What is Guardianship and Why Should Your Family Avoid It?
Many people have no idea how guardianship works when an adult is involved. Others understand the concept but are not aware of the difficulties in obtaining guardianship or the potential for abuse that comes along with it. For a variety of reasons, adult guardianship is a measure to be avoided if possible and only used as a last resort.
Of course, when there are no other options available, guardianship can fulfill an essential role. But with advance planning, other options can make guardianship unnecessary.
How Guardianship and Conservatorship Work
A guardian or conservator has authority over aspects of another person’s life. In some states, guardians control an individual’s living situation while conservators control their finances. In Texas, however, conservatorship is used exclusively for minors while guardianship is used for adults and children. Guardianship of the person refers to physical well-being and residency while guardianship of the estate covers financial matters. Texas allows for limited guardianship as well as full guardianship.
Parents are the natural conservators of their children, and when courts get involved in a custody matter, they will name parents or someone else to serve as sole or joint conservator. This is essential because children lack the capacity to manage their own interests.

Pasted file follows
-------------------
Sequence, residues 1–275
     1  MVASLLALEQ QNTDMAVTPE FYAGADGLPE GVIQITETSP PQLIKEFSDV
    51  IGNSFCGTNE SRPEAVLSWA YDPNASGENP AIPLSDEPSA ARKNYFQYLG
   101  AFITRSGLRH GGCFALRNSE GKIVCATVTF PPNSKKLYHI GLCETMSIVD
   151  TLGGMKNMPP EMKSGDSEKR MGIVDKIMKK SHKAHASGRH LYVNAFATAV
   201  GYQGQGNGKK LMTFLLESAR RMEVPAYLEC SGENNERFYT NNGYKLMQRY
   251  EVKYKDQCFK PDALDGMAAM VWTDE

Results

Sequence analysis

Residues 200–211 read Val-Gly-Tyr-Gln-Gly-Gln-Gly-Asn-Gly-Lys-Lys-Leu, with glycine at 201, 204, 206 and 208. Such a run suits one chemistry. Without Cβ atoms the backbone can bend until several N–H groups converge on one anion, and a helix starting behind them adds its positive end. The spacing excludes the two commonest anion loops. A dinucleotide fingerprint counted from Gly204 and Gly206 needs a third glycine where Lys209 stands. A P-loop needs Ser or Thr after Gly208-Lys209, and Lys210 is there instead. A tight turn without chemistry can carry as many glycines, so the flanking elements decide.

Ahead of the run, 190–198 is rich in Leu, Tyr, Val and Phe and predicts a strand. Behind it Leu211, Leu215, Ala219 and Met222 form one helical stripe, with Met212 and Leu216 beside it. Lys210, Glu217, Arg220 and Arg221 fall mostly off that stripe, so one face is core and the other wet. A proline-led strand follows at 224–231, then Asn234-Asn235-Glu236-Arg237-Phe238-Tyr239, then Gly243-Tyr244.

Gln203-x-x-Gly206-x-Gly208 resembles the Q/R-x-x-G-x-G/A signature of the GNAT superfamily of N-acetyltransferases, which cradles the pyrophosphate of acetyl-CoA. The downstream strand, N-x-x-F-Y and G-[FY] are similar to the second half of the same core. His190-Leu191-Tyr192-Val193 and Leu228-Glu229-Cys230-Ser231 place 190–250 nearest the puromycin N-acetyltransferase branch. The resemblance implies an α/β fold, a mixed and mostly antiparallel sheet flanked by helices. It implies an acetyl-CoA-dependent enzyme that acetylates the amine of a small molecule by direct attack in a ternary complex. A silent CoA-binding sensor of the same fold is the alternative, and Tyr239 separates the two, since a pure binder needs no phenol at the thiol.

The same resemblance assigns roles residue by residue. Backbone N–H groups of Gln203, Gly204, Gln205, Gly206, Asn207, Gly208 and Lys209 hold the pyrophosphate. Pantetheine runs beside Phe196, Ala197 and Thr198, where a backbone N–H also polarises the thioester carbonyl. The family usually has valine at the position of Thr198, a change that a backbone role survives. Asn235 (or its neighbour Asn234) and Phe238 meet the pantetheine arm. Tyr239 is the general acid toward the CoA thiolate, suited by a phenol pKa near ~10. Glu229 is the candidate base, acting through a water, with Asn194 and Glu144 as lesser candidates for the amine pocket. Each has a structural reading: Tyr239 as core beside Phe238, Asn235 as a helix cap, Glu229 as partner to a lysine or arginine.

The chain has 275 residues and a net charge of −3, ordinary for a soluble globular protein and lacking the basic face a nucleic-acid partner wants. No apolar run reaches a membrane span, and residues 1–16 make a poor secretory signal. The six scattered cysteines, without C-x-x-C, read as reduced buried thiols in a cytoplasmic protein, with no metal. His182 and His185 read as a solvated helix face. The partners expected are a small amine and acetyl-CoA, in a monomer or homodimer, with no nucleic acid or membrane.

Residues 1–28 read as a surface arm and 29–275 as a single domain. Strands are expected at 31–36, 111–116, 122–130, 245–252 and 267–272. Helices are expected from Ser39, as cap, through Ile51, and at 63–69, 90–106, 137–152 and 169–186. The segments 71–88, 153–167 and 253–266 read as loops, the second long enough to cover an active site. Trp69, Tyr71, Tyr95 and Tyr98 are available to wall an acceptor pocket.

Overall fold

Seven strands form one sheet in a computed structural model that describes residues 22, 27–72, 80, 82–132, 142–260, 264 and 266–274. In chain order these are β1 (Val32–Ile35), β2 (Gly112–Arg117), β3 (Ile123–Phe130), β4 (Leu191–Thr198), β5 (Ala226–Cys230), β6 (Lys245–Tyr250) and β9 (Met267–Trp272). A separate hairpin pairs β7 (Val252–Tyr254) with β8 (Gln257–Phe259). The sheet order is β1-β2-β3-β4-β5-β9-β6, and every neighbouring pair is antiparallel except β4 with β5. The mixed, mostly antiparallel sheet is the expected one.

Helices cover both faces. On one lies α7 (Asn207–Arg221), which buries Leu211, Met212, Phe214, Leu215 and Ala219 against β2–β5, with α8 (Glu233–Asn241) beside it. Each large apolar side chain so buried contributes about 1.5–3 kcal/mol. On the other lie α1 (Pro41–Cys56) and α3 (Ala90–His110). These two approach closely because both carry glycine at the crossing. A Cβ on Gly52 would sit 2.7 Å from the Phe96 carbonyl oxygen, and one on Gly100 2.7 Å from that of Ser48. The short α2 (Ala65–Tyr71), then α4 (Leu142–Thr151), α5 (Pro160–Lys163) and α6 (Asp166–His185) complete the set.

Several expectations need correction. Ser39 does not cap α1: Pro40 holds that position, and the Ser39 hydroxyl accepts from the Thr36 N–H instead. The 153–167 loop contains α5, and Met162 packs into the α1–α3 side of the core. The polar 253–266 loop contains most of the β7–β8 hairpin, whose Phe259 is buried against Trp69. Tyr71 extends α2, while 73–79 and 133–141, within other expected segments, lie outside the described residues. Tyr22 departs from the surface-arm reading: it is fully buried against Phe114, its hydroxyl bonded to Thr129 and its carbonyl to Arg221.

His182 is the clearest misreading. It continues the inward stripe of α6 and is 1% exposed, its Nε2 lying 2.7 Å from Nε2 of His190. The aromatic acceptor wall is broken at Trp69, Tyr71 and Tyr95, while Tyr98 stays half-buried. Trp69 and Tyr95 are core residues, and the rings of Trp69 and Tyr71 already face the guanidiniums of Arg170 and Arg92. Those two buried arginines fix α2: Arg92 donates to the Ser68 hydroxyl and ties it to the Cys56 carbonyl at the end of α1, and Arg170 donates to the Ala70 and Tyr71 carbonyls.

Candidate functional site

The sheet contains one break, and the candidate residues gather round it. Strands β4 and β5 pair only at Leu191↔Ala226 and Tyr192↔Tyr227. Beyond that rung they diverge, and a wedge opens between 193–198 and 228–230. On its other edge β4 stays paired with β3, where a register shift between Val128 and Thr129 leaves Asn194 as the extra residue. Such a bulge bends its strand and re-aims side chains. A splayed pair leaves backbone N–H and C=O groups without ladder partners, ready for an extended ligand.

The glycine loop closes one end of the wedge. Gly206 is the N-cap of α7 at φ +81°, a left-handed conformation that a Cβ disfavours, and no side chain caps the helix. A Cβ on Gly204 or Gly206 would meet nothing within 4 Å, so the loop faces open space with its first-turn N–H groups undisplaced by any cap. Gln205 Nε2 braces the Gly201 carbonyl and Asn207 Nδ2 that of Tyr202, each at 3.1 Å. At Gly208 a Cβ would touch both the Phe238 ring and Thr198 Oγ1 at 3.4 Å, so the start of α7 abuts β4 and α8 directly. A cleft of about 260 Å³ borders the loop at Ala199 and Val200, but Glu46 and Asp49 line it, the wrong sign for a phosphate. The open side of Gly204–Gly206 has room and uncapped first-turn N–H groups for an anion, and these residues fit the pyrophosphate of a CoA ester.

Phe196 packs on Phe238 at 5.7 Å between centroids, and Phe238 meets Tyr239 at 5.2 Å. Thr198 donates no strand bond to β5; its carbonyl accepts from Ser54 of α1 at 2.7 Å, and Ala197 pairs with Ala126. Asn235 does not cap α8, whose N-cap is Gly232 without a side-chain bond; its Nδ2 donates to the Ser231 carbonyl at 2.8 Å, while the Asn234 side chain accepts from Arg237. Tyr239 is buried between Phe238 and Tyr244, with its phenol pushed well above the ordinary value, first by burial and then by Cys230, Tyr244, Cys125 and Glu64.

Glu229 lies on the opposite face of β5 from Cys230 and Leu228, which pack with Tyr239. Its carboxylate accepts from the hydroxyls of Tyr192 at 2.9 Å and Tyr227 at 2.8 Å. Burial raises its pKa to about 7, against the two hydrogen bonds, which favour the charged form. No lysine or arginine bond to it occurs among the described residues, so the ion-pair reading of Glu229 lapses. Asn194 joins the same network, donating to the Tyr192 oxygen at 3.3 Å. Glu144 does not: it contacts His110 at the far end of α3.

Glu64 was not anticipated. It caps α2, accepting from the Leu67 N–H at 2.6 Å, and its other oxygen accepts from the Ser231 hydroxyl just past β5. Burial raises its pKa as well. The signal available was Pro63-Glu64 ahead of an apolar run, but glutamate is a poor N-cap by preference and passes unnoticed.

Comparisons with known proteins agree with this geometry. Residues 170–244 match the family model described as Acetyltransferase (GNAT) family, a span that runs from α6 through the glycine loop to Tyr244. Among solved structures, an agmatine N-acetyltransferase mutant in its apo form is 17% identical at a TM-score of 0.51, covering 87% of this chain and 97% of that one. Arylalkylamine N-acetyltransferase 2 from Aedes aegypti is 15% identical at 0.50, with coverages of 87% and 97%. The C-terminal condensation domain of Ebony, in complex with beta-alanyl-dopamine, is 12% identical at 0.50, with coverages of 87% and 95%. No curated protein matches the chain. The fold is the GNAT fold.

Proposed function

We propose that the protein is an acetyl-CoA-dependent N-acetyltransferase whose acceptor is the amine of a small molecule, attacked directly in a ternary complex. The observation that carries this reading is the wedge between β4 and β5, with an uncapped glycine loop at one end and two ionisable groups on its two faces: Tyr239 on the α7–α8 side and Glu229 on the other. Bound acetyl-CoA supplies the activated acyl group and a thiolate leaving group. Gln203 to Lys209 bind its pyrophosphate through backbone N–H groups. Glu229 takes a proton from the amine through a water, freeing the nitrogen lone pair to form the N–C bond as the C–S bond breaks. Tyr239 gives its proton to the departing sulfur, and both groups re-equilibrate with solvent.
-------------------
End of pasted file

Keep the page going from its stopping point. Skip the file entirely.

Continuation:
When a guardian is appointed for an adult, however, the situation is different.
Problems with Guardianship
When a court appoints a guardian for an adult ward, the ward loses the right to make many decisions about their own life. They can be treated like a child. This creates the potential for abuse, particularly regarding finances. An unscrupulous guardian of the estate can take the resources of the ward and use them for their own benefit. Often the ward is not aware that this abuse is occurring until it is too late and their resources are depleted.
Another problem with guardianship is that because it is considered an extreme measure and because of the potential for abuse, courts are reluctant to grant guardianship without a lengthy and expensive legal process. If your loved one needs assistance right away, it can take a long time to get the authority to provide that assistance if guardianship is your only option.
Avoiding the Need for Guardianship
With advance preparation, you can avoid the need to appoint a guardian for an adult. One option is to create a power of attorney to enable a trusted agent to assist with financial management. The power can take effect immediately or be set up so that it only takes effect if an event occurs, such as if the adult is declared mentally incompetent by their doctor.
Another option is to transfer property into a trust of some type. For instance, with a revocable living trust, the trust agreement could specify that an alternate trustee can step in to act for the trust creator if the creator becomes incapacitated.
Plan Ahead to Avoid Guardianship
Planning before the need arises can protect your family from difficulty and heartache. To protect potentially vulnerable loved ones, talk with The Nordhaus Firm about your options to avoid the need for guardianship in the future.